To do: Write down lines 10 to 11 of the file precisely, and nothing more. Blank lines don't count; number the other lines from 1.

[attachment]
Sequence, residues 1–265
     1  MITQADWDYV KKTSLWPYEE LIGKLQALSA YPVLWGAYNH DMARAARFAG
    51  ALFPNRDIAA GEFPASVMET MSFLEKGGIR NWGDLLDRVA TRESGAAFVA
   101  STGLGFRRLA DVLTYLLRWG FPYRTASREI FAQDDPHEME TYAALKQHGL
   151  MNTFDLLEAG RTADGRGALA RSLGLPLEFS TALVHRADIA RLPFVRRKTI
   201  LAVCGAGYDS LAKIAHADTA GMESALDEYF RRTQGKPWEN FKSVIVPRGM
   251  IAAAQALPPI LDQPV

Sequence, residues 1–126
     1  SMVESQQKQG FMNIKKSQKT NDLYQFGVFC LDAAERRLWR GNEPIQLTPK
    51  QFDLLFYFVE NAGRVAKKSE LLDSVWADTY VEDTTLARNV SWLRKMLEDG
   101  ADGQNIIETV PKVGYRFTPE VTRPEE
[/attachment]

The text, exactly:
    51  QFDLLFYFVE NAGRVAKKSE LLDSVWADTY VEDTTLARNV SWLRKMLEDG
   101  ADGQNIIETV PKVGYRFTPE VTRPEE